This is where McCain's ignore the media strategy regarding Palin may come back to haunt him. Given Palin's avoidance of the media, the media are shifting their focus from personal narrative (which are advantageous to her) to investigative journalism (which undermines her). While the media uncover evidence of transgressions, hypocrisy, scandals, and untruths, Palin's avoidance of the media is preventing her from addressing these stories directly. The McCain campaign may try to frame this as another media pile-on, but the potency of that argument seems to have faded, especially in light of the renewed focus on the economy and other more substantive issues.

Palin successfully introduced herself to the nation at her acceptance speech two weeks ago at the Republican Convention. But now McCain-Palin's follow-up act seems to be a combination of media avoidance, stretching the truth or outright lying, legal trouble in Alaska, and doubts about her real capacity to serve.

This would suggest that Palin has reached her peak for now, which should be reflected in plateauing or weakening state and national polls over the next few days. The Obama campaign would do well to avoid confronting her directly on the campaign trail and simply let the media do it for them. If Palin is solely responsible for McCain's rise in the polls, one could deduce that as goes Palin, so goes McCain's chances of victory this November.

6 comment(s):

Brett said...

It's disadvantageous to Palin in another way (the McCain-Media-Sequestration Strategy). That one debate is probably going to have an overly large impact on how people nation-wide view her; if she comes off looking terrible, or weak, or dishonest, then it will hammer her reputation and McCain's.

I would expect that if that happened, you'd suddenly start seeing Palin in the media a lot more in an attempt to dullen the impact of the debate.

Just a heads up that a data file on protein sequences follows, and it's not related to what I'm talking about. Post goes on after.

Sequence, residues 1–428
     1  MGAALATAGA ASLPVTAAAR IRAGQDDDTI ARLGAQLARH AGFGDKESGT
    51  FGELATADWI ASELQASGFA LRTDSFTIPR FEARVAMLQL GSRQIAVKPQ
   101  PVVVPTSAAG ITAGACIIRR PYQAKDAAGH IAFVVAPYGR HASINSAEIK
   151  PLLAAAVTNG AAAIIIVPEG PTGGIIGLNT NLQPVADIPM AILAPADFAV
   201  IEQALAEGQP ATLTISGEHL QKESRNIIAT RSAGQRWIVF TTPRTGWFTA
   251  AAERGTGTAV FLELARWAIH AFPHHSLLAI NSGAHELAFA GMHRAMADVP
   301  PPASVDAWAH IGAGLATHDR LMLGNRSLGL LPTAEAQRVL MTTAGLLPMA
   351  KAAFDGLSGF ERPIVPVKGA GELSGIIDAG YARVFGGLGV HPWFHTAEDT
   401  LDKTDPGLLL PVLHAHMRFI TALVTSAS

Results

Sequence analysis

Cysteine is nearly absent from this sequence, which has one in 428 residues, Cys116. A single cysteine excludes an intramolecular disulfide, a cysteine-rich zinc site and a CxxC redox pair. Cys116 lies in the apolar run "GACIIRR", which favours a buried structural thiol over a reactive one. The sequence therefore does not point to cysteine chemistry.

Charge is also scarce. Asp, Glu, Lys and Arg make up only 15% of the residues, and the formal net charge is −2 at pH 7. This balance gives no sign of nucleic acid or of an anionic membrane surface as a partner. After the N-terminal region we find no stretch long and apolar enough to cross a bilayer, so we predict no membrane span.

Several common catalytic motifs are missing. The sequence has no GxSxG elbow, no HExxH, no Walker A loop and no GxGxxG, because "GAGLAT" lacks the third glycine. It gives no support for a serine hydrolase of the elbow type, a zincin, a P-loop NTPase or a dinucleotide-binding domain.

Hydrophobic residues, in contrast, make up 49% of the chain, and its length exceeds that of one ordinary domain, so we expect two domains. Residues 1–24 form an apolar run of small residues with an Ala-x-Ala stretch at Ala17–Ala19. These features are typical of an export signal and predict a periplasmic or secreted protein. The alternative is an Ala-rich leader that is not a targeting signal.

timothy moriarty said...

Dear Friend:

Are you ready yet for the November 4th Elections? How about your friends, family, and neighbors?

More Americans are expected to vote this year than ever before in history, so don’t be left out! Be sure to ask everyone you know the following questions:

Are you registered to vote? If you moved recently, have you updated your voter registration?
Did you apply for an Absentee Ballot? Do you know your state may not require any reason?
Can you find your local Polling Place? Do you know it may have changed from last time?
The answers to these questions -- and all your voting needs -- can be found at www.StateDemocracy.org

Anthony Palmer said...

Charlie Cook of National Journal seems to agree that the coverage of Palin has shifted and that McCain's problems with the truth are souring his relationship with the media. He says there may be another "momentum change" taking place that is not yet reflected in the polls.

Americaneocon said...

From my afternoon post:

"If the Democrats were looking to rekindle the public's outpouring for Sarah Palin's historic vice-presidential run - or to turn attention away from the turmoil on financial markets - they couldn't have found a better way than to hack into Palin's personal e-mail accounts AND distribute her confidential information online for the world to see.

It turns out that a left-wing subterranean protest group is claiming responsibility for the security breach, and Gawker, the liberal New York gossip blog, has already posted the Palin family's photographs and e-mail addresses online."

I think the media narrative will sort itsefl out this next couple of days.

Brett said...

Although I disapprove of hacking (strongly!), it's somewhat fitting that this happened to Palin, considering that she and her supporters back in Alaska tried to use yahoo e-mail accounts for correspondence in order to get back disclosure and subpoena laws.

Anonymous said...

What do you guys think about this?


-Ana J